UBC Theses and Dissertations
Regulation of IAPP transcription by spliced XBP1 Lin, Susan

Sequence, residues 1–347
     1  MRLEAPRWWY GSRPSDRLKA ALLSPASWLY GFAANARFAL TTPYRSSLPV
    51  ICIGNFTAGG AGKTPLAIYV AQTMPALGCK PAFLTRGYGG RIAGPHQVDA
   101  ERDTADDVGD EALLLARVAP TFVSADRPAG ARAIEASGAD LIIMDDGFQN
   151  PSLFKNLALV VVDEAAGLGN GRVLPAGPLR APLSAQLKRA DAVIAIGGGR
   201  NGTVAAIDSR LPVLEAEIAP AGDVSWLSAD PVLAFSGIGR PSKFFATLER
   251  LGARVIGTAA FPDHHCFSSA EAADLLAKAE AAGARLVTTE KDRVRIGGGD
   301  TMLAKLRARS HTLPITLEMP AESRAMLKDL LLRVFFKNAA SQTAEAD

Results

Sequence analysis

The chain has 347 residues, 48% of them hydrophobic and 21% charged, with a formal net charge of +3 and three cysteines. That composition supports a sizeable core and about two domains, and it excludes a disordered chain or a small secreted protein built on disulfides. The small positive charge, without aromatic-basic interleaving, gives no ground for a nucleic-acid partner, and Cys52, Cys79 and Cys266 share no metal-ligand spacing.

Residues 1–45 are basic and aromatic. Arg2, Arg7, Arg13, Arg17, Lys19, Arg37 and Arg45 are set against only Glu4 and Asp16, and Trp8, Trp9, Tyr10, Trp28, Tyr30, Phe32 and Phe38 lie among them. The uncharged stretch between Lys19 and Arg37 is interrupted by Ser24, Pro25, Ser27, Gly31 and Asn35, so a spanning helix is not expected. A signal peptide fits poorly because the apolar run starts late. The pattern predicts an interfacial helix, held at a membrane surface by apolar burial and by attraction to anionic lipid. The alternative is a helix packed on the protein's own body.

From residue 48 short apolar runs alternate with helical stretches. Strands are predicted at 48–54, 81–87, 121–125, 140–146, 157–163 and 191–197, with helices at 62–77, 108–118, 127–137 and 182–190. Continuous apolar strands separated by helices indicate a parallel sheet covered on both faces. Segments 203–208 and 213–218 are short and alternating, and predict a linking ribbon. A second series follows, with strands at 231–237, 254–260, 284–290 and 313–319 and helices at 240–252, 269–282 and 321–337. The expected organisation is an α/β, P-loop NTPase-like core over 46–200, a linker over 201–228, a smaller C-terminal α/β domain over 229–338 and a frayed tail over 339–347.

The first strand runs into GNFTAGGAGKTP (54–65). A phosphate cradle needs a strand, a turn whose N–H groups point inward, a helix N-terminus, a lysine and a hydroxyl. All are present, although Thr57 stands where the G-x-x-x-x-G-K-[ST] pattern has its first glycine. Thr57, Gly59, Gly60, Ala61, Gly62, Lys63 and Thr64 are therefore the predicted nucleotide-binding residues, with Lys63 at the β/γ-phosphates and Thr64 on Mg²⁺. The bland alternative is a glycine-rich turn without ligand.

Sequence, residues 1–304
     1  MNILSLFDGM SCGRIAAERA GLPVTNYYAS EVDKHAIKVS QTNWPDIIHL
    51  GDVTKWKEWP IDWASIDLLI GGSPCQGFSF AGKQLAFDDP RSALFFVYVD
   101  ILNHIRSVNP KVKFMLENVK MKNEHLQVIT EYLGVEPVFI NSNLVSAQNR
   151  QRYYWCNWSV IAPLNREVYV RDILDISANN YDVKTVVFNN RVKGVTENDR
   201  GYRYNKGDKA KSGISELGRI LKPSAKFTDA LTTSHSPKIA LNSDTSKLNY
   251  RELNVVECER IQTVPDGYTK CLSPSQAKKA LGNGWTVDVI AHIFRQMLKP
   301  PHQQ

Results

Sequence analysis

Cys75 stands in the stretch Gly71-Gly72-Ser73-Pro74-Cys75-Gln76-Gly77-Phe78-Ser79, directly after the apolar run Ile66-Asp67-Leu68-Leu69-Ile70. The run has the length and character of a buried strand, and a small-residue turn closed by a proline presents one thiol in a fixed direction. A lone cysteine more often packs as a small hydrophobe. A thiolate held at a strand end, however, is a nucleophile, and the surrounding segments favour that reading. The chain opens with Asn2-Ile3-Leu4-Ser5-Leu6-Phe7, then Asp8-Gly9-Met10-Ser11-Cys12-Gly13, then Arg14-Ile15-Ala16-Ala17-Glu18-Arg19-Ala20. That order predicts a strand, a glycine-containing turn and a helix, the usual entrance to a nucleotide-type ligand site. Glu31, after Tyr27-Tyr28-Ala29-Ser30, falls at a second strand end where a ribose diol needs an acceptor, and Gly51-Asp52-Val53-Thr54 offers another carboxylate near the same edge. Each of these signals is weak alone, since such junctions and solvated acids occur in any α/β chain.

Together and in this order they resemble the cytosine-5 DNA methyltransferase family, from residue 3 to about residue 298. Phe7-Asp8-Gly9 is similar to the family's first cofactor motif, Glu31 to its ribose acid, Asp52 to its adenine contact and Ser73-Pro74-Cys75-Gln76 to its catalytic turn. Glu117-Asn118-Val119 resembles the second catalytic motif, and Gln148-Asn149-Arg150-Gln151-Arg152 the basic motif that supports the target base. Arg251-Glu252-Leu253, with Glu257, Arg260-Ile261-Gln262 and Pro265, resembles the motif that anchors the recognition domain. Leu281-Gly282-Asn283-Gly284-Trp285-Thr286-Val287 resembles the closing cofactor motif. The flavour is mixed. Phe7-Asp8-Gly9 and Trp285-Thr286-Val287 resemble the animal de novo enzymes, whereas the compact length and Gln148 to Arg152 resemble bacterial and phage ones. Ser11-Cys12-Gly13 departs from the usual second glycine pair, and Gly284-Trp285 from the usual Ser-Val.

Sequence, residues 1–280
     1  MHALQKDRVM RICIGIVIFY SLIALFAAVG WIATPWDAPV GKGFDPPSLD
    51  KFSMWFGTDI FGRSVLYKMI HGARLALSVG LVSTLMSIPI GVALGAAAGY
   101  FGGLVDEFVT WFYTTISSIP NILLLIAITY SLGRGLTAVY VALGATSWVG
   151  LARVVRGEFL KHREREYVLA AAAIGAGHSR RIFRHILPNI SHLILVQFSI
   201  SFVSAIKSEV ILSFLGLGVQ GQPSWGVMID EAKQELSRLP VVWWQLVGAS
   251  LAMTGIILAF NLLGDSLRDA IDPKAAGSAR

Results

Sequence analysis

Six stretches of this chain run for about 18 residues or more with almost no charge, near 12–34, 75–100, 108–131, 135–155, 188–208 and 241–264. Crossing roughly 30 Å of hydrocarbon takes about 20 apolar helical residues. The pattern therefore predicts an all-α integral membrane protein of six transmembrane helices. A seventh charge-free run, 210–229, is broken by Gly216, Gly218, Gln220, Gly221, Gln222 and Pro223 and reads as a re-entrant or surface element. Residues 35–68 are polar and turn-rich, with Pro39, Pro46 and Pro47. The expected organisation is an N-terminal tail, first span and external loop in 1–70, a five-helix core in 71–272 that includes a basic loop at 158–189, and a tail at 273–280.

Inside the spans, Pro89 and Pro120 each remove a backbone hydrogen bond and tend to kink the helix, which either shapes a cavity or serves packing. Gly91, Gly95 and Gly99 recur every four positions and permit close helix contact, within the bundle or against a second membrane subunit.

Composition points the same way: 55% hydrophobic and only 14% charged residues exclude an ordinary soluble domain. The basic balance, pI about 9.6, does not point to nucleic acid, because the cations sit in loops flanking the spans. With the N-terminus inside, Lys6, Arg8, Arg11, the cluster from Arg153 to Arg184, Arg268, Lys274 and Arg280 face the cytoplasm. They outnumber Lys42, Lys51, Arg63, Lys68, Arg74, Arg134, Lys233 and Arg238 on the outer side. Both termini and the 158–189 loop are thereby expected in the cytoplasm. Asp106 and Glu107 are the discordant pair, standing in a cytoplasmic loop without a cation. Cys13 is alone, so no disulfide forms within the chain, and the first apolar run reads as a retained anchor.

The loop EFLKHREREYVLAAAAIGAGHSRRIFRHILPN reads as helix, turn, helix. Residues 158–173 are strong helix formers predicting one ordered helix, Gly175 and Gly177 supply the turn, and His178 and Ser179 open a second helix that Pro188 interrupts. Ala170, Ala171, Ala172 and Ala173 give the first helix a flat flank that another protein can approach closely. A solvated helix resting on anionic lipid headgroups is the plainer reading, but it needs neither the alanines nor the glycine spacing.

In Alzheimer’s disease (AD), progressive memory loss and cognitive decline have been associated with the presence of extracellular amyloid plaques in the brain. These plaques are primarily composed of aggregated amyloid-beta, but may contain other types of amyloid species such as islet amyloid polypeptide (IAPP). Aggregated IAPP forms the islet amyloid found in 90% of type II diabetes mellitus (T2DM) patients, and IAPP can readily cross the blood brain barrier to enter the central nervous system. With substantial epidemiological evidence suggesting that T2DM can significantly increase the risk of developing AD, IAPP has been proposed to be a potential link between the two diseases. Currently, the mechanisms underlying IAPP aggregation unclear, but factors such as IAPP overexpression and impaired processing have been implicated in its toxicity. Given the sensitivity of pancreatic islet cells to endoplasmic reticulum (ER) stress, we hypothesized that ER stress in T2DM may disrupt IAPP cellular homeostasis by affecting its synthesis. We investigated the transcriptional regulation of IAPP by cloning a 1618 base pair 5’ flanking region of the human IAPP (hIAPP) promoter and analyzed its promoter activity (along with shorter deletion constructs) in beta- and non-beta-cell lines. Tunicamycin-induced ER stress significantly enhanced hIAPP promoter activity and transcript levels in a human beta-cell line via activating X-box binding protein 1 (XBP1) splicing. We further identified a binding site for spliced XBP1 on the hIAPP promoter, and abolishing this binding site by substitution or deletion mutagenesis significantly diminishes the effects of ER stress on hIAPP promoter activity. Our study uncovers a link between ER stress and IAPP at the transcriptional level, and provides novel insight into the role of ER stress in IAPP cytotoxicity during T2DM and ultimately, AD.
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